What is problematic tech use?

Bend Health
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Using a phone, computer, tablet, or other device is a daily, even hourly, occurrence for many children and teens in today’s world. But there’s a difference between using your phone for a couple of hours and being on your phone every second of the day. But what’s normal? And when does tech usage become a problem? We’re here to offer a judgment-free look at tech usage so that you can build your best habits as a family. 

Understanding problematic tech use

Problematic tech usage Is defined as the excessive use of technology that leads to problems and distress and it’s a growing issue for children and teens. One study found that U.S. teens spend more than eight hours a day on screens, and there's growing concern over how social media may be affecting their mental health (including an increase in self-harm). These problematic behaviors can cause them to neglect homework or other responsibilities and to spend less time building rewarding connections in real life. 

One study reported a link between screen time and higher rates of obsessive-compulsive disorder diagnoses among preteens. While another study found that using electronic devices to calm young children when they’re upset may inhibit their ability to learn to soothe themselves, leading to more frequent, intense emotional outbursts. And then, there are findings on how tech usage can negatively affect a young person’s sleep cycle and lead to depressive symptoms.

While these findings can be overwhelming to hear, rest assured that you can begin to develop strategies for screen use that are balanced and healthy.

Possible health impacts of tech usage 

Over long periods of time, excessive tech use can affect a child’s physical and mental health leading to problems such as: 

  • Insomnia
  • Vision problems  
  • Making it more difficult to concentrate or control impulses
  • Depression, anxiety, and social isolation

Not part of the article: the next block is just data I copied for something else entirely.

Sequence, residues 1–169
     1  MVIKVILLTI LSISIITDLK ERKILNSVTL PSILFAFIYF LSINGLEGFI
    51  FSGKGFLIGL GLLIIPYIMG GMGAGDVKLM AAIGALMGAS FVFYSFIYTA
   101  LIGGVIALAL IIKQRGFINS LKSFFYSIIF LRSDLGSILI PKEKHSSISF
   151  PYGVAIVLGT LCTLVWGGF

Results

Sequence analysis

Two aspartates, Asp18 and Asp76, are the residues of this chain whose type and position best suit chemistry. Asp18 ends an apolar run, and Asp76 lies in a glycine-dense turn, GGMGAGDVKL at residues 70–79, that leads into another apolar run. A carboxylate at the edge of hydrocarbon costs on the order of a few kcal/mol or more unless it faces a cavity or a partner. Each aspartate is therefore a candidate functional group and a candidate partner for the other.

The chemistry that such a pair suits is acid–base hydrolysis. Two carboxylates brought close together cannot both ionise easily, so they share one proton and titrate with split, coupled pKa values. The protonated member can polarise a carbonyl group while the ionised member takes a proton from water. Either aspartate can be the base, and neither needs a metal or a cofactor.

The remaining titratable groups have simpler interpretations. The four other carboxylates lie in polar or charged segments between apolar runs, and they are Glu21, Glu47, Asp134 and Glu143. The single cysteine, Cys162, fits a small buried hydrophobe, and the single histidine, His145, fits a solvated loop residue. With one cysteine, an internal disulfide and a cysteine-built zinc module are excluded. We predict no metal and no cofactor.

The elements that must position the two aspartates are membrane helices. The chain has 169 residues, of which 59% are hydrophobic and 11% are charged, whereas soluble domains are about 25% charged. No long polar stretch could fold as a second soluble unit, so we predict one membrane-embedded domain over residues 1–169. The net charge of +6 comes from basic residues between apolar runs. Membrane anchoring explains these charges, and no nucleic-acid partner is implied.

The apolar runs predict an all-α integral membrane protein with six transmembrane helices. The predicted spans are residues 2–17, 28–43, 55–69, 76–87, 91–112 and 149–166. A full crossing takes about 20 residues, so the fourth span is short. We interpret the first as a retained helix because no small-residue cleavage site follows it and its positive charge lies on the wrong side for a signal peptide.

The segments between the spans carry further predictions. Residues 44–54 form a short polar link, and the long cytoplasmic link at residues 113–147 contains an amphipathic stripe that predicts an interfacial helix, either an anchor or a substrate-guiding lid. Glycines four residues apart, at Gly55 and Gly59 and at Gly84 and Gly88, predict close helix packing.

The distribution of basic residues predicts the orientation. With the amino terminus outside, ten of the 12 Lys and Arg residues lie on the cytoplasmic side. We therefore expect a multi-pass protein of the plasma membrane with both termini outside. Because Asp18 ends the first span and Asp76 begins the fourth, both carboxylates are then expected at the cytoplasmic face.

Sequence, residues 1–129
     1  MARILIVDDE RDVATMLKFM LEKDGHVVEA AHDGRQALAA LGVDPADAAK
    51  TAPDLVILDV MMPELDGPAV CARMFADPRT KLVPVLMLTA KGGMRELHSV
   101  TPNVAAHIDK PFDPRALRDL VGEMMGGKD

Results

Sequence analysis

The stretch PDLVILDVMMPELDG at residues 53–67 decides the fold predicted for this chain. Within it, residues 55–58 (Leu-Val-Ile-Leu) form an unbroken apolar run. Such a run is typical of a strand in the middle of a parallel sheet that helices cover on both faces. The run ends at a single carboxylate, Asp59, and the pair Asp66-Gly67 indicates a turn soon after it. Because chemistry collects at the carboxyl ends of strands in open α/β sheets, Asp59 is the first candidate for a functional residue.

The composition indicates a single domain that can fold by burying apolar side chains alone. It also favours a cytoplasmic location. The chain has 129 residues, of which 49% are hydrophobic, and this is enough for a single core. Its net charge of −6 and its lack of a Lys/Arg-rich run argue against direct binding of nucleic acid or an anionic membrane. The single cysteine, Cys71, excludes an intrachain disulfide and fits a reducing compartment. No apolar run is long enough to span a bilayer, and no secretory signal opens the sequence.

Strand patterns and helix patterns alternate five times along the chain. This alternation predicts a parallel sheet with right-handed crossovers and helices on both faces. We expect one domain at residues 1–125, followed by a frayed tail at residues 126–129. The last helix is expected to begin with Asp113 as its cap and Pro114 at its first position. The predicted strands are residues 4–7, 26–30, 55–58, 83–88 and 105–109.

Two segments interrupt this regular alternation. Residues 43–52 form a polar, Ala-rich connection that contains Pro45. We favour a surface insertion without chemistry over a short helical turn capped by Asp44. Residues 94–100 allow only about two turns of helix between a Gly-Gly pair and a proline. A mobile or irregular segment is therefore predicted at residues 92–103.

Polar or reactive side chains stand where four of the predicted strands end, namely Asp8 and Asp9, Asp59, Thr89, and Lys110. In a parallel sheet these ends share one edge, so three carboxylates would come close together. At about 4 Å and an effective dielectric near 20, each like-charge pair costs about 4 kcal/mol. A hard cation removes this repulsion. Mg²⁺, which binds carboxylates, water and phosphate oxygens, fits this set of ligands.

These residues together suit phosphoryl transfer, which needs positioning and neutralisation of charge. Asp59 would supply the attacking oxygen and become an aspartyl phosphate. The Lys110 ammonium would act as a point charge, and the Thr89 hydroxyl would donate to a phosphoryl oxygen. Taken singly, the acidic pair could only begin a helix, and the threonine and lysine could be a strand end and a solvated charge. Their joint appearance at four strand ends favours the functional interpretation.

• Obsessive thinking and actions

Why is technology so problematic? 

Although sometimes referred to as ‘tech addiction’ we know that problematic tech use is really an impulse control disorder involving the obsessive use of mobile devices, the internet, or video games. But why are those devices so difficult for children and teens to put down? 

For starters, they fulfill a natural human need for connection, interaction, and stimulation. When someone is feeling stressed, rejected, or lonely, the internet can feel like a wave of relief. A lot of people spend a great deal of time online because tech impacts the same pleasure systems of your brain the way substances like alcohol can, so they want to keep experiencing that same good feeling on repeat. Others use it as a boredom buster, need to relieve stress, or want to escape from reality. 

Know the signs of problematic tech use

The best thing you can do as a parent is be aware of the signs that tech use has become a problem,and seek help if you notice them in your child or teen. Remember that every child  is different, but here are some common signs of problematic tech usage:

  • Consistently have trouble spending time without access to technology. They may complain that they are unhappy or bored. 
  • Screen time disrupts sleep, performance at school, and interpersonal relationships
  • Accessing inappropriate or dangerous content online 
  • They consistently have trouble spending time without access to video games 
  • They are deceptive with their use, such as sneaking around to use technology or lying about this use
  • It is difficult to get them to disconnect — they may become combative or defensive  
  • They use technology as a tool to boost their mood 
  • Needing to spend increasingly more time in front of screens to feel satisfied 
  • Changes in mood and emotions such as irritability, feelings of emptiness, sudden outbursts of anger, emotional numbness, or a lack of motivation
  • Withdrawal from social interactions or isolation from friends and family 
  • Loss of interest or pleasure in previously enjoyed activities

Find support

If you spot some of these signs in your child or teen, consider reaching out for support from a mental health professional. With the help of mental health coaching and therapy, your child can connect with the emotions that tech use (and reducing tech use)  brings up, set goals to improve their screen time, and learn tools for disconnecting.  

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